Call for evidence launched for Post Office Horizon IT Inquiry

  • Inquiry Chair Sir Wyn Williams has today launched a call for evidence to invite views about and gather evidence relating to the Post Office Limited’s IT system (Horizon) and events associated with its use
  • while Sir Wyn will welcome evidence about all aspects of the use of Horizon which is relevant to the terms of reference of the Inquiry he would like to make clear his wish to receive a body of evidence relating to the human impact of the Horizon dispute
  • to ensure the transparency of the Inquiry, information that it receives will be published on an additional website for public viewing whenever that is legally permissible and publication not inconsistent with other competing factors such data protection, confidentiality, and privacy

Evidence received will support the Inquiry’s understanding of institutional settings and the experience of postmasters, employees and contractors at the Post Office Limited both historically, and as the company seeks to respond to the findings in the Horizon judgments and implement the measures set out in the settlement agreement.

The call for evidence will invite evidence and information from the public on the Inquiry’s terms of reference, call for written statements on the human impact of the Horizon dispute and seek questions from the public to be posed to the participants in the stage 2 open evidence session, which will focus upon hearing from the Post Office Limited, Fujitsu and the Department for Business, Energy & Industrial Strategy.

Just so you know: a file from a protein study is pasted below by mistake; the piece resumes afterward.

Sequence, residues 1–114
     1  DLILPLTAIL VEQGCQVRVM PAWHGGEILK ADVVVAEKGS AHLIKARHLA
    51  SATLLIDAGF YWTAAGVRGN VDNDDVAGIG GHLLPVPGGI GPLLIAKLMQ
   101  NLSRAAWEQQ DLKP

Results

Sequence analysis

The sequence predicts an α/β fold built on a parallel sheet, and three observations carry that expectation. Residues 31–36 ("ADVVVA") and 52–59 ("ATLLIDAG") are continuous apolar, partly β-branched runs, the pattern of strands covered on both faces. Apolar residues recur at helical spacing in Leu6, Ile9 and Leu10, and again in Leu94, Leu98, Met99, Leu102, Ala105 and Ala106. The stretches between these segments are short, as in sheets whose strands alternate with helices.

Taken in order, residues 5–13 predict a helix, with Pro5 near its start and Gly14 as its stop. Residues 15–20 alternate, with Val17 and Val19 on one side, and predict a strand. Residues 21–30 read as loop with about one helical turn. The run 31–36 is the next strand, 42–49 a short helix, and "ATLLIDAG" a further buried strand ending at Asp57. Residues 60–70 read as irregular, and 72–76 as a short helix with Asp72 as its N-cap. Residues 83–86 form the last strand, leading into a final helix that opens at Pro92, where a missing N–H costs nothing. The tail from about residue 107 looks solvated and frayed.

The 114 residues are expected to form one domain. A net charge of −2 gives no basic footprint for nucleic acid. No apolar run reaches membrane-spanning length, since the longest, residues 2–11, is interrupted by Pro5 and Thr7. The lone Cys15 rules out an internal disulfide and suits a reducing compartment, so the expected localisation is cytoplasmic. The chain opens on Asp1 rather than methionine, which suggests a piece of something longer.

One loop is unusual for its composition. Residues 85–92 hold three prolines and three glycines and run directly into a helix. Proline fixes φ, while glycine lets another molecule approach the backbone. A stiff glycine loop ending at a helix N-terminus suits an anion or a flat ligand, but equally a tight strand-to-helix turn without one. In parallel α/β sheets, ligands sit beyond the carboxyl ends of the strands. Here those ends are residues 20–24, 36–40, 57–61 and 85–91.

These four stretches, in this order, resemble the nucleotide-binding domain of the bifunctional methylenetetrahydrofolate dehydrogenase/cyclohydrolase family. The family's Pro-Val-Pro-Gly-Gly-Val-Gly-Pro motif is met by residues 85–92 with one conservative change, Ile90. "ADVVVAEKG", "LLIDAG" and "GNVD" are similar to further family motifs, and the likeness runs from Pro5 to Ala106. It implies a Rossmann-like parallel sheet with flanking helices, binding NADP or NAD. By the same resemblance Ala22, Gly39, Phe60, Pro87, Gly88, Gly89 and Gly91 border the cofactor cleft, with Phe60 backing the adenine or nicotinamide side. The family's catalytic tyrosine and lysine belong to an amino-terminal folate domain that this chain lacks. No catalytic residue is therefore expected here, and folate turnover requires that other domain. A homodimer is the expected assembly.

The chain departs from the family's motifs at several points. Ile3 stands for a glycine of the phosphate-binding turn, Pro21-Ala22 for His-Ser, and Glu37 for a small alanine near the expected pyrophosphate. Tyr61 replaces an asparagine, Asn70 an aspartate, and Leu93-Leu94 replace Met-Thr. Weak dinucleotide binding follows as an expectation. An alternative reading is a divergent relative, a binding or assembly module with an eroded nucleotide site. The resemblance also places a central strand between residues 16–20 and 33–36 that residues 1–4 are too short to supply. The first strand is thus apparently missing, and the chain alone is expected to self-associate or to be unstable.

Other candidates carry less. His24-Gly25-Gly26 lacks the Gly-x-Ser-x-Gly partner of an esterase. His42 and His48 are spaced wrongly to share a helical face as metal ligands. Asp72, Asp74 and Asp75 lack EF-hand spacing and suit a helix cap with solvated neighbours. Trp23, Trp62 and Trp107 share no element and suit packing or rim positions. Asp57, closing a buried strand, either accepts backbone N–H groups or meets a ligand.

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Today, he has published a Statement of Approach 002, setting out the type of information that will be made public, and when it will be available to view.

Records that meet the criteria set out in Statement of Approach 002 will be shared on a new webpage that can be accessed by anyone.

Sir Wyn Williams, Chair of the Horizon Post Office IT Inquiry, said:

I am very pleased that we have reached the point of a Call for Evidence in accordance with the timetable we set ourselves and I look forward to receiving a substantial volume of evidence both written and oral which will ensure that the Inquiry is very well equipped to ensure that it fulfils its terms of reference.

Today’s developments follow the publication of a previous Statement of Approach (001) last month, in which Sir Wyn set out that senior members of the Post Office Limited, Fujitsu and the Department for Business, Energy and Industrial Strategy (BEIS) will be invited to give evidence in formal open sessions as part of the Inquiry. Post Office Ltd, Fujitsu (which supplied the Horizon system) and BEIS have committed to fully cooperating with the Inquiry.

Individuals can view or participate in the Inquiry’s public hearings and a registration form is available.

The non-statutory Inquiry is committed to understanding and acknowledging what went wrong in relation to Horizon and to ensuring that there is a public summary of the failings that occurred at Post Office Ltd so that they should never be repeated.

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